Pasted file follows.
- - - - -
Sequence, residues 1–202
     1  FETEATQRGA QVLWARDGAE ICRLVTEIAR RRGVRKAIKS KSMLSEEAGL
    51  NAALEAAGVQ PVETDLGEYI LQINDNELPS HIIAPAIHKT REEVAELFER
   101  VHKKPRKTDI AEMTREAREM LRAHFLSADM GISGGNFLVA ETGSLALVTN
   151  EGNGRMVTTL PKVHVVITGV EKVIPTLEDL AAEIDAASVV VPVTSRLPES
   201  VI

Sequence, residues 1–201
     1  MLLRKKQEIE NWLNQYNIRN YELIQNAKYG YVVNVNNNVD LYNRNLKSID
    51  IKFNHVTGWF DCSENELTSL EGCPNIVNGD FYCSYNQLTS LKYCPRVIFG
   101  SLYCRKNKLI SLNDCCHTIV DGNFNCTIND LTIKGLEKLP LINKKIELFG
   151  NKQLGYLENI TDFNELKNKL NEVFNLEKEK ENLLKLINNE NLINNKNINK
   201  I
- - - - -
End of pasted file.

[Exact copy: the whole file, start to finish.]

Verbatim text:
Sequence, residues 1–202
     1  FETEATQRGA QVLWARDGAE ICRLVTEIAR RRGVRKAIKS KSMLSEEAGL
    51  NAALEAAGVQ PVETDLGEYI LQINDNELPS HIIAPAIHKT REEVAELFER
   101  VHKKPRKTDI AEMTREAREM LRAHFLSADM GISGGNFLVA ETGSLALVTN
   151  EGNGRMVTTL PKVHVVITGV EKVIPTLEDL AAEIDAASVV VPVTSRLPES
   201  VI

Sequence, residues 1–201
     1  MLLRKKQEIE NWLNQYNIRN YELIQNAKYG YVVNVNNNVD LYNRNLKSID
    51  IKFNHVTGWF DCSENELTSL EGCPNIVNGD FYCSYNQLTS LKYCPRVIFG
   101  SLYCRKNKLI SLNDCCHTIV DGNFNCTIND LTIKGLEKLP LINKKIELFG
   151  NKQLGYLENI TDFNELKNKL NEVFNLEKEK ENLLKLINNE NLINNKNINK
   201  I